Money for fine dining, art galleries, time to write poetry, essays, to travel in comfort whenever I went to visit my spiritual father.

There was a dichotomy however which could not long be ignored between the orthodox true teachings being placed in my heart by my spiritual father and the advice being given me by priests I consulted in the city whenever I would approach the sacrament of confession and confess sins such as greed or my disordered relationship.

The city priests assured me that if I was, as they said ‘basically’, monogamous, there was nothing wrong with the way I was living.

In the depths of my heart I knew they were not speaking truth, just as surely as I knew my spiritual father was speaking truth.

Of course I was placing myself in the heart of the dichotomy because as much as part of me desired to live in truth the rest of me clung to my fears and addictions.

Thus in the midst of a seemingly benign routine of life I was increasingly stressed.

One day I doubled over at my desk in excruciating pain and found myself rushed to the nearest emergency ward.

Once the doctors found out where I worked they spoke to me as if I were just another over-stressed achiever.

They loaded me up on some strong antacids, having determined it was stressed induced stomach trouble, and sent me home.

My stress induced trouble had nothing to do with the job I was doing.

It had everything to do with the work I was not doing.

If a man is entangled in the things of this world, caught by their many shackles, and seduced by the evil passions, it is very hard for him to recognize that there is another invisible struggle and another inner warfare. – -St. Makarios of Egypt.

Within a few weeks I was going through a bottle of the antacid medicine every day.

Summer arrived and with it the extreme heat and humidity which annually takes such a toll on my being.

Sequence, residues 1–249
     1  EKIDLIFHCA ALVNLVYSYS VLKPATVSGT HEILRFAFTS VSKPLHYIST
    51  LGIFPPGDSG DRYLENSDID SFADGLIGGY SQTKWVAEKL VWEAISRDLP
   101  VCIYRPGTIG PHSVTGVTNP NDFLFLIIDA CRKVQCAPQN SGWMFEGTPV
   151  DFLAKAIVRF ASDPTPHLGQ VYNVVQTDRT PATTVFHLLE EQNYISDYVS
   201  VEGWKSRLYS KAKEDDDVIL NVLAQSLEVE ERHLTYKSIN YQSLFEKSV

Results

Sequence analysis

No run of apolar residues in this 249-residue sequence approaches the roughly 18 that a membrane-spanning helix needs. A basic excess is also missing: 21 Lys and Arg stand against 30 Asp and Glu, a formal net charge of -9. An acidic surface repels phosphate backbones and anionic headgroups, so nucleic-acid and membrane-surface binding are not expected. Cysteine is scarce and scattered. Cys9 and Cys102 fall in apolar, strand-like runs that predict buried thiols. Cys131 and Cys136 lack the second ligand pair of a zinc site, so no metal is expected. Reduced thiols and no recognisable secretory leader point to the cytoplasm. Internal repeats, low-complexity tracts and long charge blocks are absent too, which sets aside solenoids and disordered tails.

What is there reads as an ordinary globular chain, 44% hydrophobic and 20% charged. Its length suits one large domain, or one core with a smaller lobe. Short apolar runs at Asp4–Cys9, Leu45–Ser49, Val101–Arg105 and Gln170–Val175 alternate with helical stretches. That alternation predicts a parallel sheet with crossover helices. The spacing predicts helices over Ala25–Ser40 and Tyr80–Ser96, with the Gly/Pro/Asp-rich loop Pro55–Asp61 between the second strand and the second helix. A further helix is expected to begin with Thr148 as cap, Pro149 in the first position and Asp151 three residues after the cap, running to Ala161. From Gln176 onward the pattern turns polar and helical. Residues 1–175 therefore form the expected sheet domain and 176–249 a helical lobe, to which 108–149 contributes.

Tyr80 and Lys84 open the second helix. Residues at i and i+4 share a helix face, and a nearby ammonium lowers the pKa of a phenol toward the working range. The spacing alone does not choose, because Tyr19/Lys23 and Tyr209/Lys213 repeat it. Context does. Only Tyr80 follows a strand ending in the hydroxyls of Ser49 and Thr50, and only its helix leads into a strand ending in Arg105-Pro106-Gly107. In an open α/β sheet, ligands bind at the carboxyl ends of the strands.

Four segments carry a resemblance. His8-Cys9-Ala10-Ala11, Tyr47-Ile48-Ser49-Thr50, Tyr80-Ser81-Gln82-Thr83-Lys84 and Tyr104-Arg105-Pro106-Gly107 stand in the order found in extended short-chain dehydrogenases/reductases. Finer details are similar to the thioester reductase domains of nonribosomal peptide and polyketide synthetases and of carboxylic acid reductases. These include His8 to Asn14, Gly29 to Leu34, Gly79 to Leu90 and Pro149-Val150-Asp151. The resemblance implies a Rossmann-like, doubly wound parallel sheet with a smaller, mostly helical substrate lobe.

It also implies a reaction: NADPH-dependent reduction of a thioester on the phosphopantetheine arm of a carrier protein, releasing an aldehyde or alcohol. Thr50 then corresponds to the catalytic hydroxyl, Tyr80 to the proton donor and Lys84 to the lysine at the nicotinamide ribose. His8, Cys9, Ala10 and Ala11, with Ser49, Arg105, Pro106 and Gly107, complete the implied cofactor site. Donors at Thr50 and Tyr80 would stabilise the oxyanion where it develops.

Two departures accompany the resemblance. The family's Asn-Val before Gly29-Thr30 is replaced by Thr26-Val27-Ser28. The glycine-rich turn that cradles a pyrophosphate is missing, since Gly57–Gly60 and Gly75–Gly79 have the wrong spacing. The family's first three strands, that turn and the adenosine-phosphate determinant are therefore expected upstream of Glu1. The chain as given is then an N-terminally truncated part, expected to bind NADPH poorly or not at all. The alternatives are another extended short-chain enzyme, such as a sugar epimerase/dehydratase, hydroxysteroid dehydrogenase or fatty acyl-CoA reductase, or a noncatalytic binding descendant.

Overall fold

My conditioned worsened and I began to miss work.

Food, which always had been a last resort source of comfort, became intolerable as it seemed to fuel the acidic burning in my stomach.

I returned to the doctors and more tests were ordered.

Nothing definitive was found.

Looking back on it, given my lifelong acute anxiety attacks, I am surprised none of the doctors recommended a tranquillizer.

Here is another fragment though, for at that stage of my life had I calmed down through drugs I most likely would not have looked into my own heart.

Filled with the physical pain, struggling with increasing anxiety, feeling like my idyllic situation was beginning to unravel, I decided on a spur of the moment to go and visit my spiritual father.

Not having checked ahead of time to be sure he was there I was very disappointed when I arrived at The Community to be told he was away and would not return for a few weeks.

Crestfallen I headed towards the shrine of Our Blessed Mother.

As I was walking towards the shrine one of the hermit-priests was coming towards me, noticed my sadness and asked what was wrong.

I told him my woes and he invited me to open my heart more and to walk with him to his hermitage.

I did.

Once in his hermitage he said he would pray for me and blessed me with a relic of a true healing saint.

I call upon You, my God, my mercy, who made me, and did not forget me, although I forgot You. I call You into my soul, which You prepare to accept You by the longing that You breathe into it. Do not desert me now when I call upon You, for before I called upon You, You went ahead and helped me, and repeatedly You urged me on by many different words, so that from afar I could hear You, and be converted, and call upon You as You called to me. [co]